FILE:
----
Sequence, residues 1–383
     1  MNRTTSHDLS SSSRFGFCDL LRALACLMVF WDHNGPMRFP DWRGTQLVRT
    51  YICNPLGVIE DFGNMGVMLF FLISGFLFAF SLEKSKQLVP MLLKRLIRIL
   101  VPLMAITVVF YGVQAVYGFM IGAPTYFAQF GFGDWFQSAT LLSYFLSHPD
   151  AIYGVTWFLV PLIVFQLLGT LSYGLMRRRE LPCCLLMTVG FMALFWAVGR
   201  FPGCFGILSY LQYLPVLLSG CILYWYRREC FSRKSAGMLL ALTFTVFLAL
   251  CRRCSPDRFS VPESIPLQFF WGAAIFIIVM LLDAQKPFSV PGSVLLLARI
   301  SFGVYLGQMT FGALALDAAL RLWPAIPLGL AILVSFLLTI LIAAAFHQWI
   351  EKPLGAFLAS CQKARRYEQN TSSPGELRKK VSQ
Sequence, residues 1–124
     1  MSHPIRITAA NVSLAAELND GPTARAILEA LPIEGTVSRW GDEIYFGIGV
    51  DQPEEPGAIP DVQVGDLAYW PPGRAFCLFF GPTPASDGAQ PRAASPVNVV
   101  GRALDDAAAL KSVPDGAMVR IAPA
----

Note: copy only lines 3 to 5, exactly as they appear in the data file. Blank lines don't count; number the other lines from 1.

    51  YICNPLGVIE DFGNMGVMLF FLISGFLFAF SLEKSKQLVP MLLKRLIRIL
   101  VPLMAITVVF YGVQAVYGFM IGAPTYFAQF GFGDWFQSAT LLSYFLSHPD
   151  AIYGVTWFLV PLIVFQLLGT LSYGLMRRRE LPCCLLMTVG FMALFWAVGR